Dimethyl carbonate was obtained in the yield up to 17% per one cycle (reaction temperature 150°C, pressure 15 atm) by the oxidative carbonylation of vapor–gas mixtures containing methanol, up to 10% CO, and up to 10% O2 on the heterogeneous catalyst prepared by supporting 10 wt.% CuCl2 on active carbon.
Ethylene methoxycarbonylation in a vapor–gas mixture containing 10% ethylene and 50% CO on the original heterogeneous catalysts being the palladium complex on the sulfate cation-exchange resin at a temperature of 200°C and a pressure of 20 atm makes it possible to obtain methyl propionate (intermediate product of methyl methacrylate synthesis) in the yield up to 40% per one cycle.
Oxidative conversion of hydrocarbon gases to fuel gas with high methane number for power plants
“Fatty” natural and casing-head petroleum gases are inappropriate for direct use in many types of modern power plants, in particular, those based on gas piston engines (GPE), because they contain heavy fractions of C3+ hydrocarbons with low methane numbers. The studies performed show  that the presence of even 1% alkanes C3–C5 significantly decreases the delay time of spontaneous ignition of methane. The admissible content of heavy components C5+ in the gas motor fuel at which their influence on the detonation stability of the fuel is rather low and estimated by the value of 0.5% only.
The high content of C3+ hydrocarbons in the gas mixture results in knocking (detonation) in the engine and does not allow it to achieve the nominal power. In addition, carbonization and wear of engine parts increase, and the operation source decreases. Therefore, producers of GRM specify certain requirements on the fuel gas quality to provide the operation of the equipment under normal conditions and the achievement of the declared characteristics. Although these requirements can somewhat differ depending on the type and structure of the engine, the most typical ones are the following requirements :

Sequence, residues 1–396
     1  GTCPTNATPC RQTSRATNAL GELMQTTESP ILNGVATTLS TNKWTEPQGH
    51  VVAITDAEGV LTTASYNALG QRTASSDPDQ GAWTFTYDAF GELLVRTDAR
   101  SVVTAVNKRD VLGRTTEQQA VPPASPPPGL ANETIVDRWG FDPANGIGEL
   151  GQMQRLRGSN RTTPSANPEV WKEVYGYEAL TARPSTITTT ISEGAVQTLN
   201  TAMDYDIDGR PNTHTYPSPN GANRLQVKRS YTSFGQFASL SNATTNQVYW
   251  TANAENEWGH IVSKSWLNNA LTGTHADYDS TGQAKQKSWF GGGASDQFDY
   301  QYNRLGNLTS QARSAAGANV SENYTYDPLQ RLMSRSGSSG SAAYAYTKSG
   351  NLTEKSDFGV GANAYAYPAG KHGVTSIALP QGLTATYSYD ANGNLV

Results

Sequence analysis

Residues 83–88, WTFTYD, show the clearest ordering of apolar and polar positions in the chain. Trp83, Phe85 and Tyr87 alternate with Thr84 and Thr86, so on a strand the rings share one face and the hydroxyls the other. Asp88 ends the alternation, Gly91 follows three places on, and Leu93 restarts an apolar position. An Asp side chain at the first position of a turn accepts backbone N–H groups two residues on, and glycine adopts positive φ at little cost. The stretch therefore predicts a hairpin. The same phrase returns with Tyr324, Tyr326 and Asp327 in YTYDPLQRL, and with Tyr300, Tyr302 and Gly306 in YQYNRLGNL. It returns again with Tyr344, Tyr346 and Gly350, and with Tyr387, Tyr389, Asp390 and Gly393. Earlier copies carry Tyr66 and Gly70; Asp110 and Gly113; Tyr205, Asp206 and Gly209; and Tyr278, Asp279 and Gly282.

content of methane higher than 70 vol.%,
lowest heating value (LHV) 30–36 MJ/m3,
density 0.7–1.2 kg/m3.
Methane number MN is the most important parameter of the gas fuel characterizing its antidetonation properties . For example, the Cummins Westport Company requires the use of gas mixtures with MN higher than 65 for the normal operation of engines . The producers warrant the operation of GRM with nominal values of power and efficiency only if these requirements are fulfilled.